Wine Travellers


At first glance, the 20-odd people sitting around the table at Crittenden Wines appear to be indulging in a rather heavy after-lunch drinking session. But stay and watch a little longer and you’ll notice no one is swallowing their wine.

Although nine glasses containing red wine sit in front of each person, a little red plastic cup gives the story away. The men and women around the table are here to taste the wine.

It’s been a non-swallowing day, even though they are all wine lovers.

Crittenden’s in Harrisons Rd, Dromana is the final stop for 10 sommeliers touring Mornington Peninsula wineries as a side trip to their attendance at The World’s 50 Best Restaurants 2017 awards in Melbourne. New York’s Eleven Madison Park took out the top spot.

The tour of the peninsula started at Stonier Winery, Merricks, where the group was welcomed by Mornington Peninsula Vignerons Association CEO Cheryl Lee.

From there the sommeliers from the United Kingdom, United States, Japan, New Zealand and interstate went to Ocean Eight, Shoreham and then to the top of Arthurs Seat before having lunch at Petit Tracteur, Main Ridge.

The final stop for the day was at Crittendens, where they tasted nine wines and were told about production methods and differences between vineyards where they were made by winemakers including Rollo Crittenden (Crittendens Wines), Martin Spedding (Ten Minutes by Tractor), Kathleen Quealy (Balnarring Vineyard) and Glen Hayley (Port Phillip Estate).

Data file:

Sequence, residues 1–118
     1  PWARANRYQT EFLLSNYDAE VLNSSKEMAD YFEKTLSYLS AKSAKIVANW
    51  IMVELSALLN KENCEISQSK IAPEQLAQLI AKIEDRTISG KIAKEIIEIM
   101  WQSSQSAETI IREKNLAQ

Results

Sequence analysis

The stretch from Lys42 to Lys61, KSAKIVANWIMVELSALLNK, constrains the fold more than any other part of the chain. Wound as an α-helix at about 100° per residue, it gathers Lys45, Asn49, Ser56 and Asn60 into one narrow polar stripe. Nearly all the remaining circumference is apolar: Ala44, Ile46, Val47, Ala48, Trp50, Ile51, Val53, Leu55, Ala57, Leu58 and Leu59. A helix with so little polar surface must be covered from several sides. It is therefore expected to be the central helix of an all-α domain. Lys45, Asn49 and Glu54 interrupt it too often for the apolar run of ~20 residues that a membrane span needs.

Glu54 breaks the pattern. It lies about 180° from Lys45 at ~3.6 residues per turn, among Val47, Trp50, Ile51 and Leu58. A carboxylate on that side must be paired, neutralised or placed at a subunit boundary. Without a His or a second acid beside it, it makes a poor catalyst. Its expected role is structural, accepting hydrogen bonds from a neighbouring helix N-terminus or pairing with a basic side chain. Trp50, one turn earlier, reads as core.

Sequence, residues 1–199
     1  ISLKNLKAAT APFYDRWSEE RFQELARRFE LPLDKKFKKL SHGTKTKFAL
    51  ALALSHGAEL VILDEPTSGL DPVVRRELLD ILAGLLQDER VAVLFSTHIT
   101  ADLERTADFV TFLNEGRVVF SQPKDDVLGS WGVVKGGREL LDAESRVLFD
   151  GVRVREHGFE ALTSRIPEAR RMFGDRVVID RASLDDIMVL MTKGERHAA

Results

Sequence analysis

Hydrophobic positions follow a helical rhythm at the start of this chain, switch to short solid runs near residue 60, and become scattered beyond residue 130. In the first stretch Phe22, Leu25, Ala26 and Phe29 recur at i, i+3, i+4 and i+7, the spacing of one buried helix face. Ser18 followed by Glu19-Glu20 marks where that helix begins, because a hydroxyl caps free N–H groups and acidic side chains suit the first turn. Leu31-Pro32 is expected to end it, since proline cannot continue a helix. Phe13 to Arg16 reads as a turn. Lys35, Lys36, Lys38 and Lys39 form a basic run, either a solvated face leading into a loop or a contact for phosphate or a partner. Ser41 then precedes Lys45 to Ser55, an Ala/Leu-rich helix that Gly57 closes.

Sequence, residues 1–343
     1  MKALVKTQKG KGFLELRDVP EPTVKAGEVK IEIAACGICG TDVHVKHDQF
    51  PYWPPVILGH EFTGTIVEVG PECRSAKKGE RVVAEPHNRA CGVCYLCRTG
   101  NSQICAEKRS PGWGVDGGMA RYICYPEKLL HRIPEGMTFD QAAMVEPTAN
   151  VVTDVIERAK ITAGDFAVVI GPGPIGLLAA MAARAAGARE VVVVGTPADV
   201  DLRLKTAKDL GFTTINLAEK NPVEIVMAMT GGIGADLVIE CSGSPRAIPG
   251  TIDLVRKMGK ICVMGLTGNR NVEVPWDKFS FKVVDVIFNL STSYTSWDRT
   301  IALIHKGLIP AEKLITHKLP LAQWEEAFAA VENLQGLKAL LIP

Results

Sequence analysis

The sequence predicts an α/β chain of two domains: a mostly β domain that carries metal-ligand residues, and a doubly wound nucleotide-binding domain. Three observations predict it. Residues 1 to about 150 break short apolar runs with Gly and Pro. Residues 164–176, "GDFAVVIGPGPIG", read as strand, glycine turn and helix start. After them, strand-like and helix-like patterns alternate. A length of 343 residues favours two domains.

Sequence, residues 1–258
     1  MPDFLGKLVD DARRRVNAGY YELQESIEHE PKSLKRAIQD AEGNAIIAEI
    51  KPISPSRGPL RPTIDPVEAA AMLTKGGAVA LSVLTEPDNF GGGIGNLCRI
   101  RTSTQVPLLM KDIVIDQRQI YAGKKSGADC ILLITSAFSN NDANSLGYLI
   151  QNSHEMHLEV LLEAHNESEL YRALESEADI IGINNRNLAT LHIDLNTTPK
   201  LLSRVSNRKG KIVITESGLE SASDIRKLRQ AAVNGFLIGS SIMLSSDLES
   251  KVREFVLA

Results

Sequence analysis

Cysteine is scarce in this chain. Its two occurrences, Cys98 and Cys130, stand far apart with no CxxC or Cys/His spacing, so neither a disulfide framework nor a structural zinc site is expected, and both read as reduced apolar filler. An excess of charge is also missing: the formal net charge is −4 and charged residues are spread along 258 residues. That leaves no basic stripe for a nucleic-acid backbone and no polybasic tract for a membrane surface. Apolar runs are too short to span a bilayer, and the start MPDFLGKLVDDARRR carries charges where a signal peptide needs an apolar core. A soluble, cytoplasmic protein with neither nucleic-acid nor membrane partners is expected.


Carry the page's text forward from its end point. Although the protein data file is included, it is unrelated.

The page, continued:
Sommeliers Australia describes a sommelier as being “a specialist wine waiter/wine steward who is a trained and knowledgeable wine professional who specialises in all facets of beverage service”.

It ranks sommeliers as being “strategically on a par with that of the executive chef or chef de cuisine”.

Sommeliers are responsible for buying and storing wine, developing wine lists and training other restaurant staff about wine.

The tours of peninsula wineries was organised by Wine Australia, which wants “Australia [to be] recognised as the world’s pre-eminent wine producer”.

Once at Crittendens the sommeliers sit at tables arranged in a rectangle and the winemakers speak about their products, their vineyards and the attributes of the peninsula – its soils and climate – for nurturing the pinot noir variety of grape.

This is serious stuff and the sommeliers make notes – on paper and computer – and ask questions. The questioning always comes round to the price of a bottle and with the quality of wine under discussion the answer usually comes in between $50 and $65.

Rollo Crittenden begins the discussion by describing the peninsula’s “three to five degrees cooler than Melbourne’s” climate as “maritime rather than Mediterranean” due to the effects of Western Port and Port Phillip bays and Bass Strait.

The peninsula “tends not to have frosts”, although a range of soils means “individual sites are quite different”.

Martin Spedding, of Ten Minutes by Tractor, Main Ridge, described how planning a new vineyard was “a great opportunity to plant from scratch”.

“We’ll be able to question everything we do and why, from the vineyard’s architecture to using machinery. We’re starting with what we think is best for the fruit.”

Spedding said the vines would be spaced to enable use of a 68 centimetre wide tractor.

“There will be smaller wines with fewer bunches [of fruit] – time will tell if we are right or not.”

Kathleen Quealy, of Balnarring Vineyard, Balnarring, said her vines were pruned so they get as much sunshine as possible “which makes a very rich, satisfying wine”.

She said she would be “going for organic certification in the next 12 months”.

Glen Hayley, Port Phillip Estate, said the “very exposed” position and the “sand a silt dominant soil” of the company’s vineyard “adds resilience and interest to the fruit”.

The UK was the estate’s biggest overseas market for its “darker richer styles of wine”.

First published in Peninsula Essence – May 2017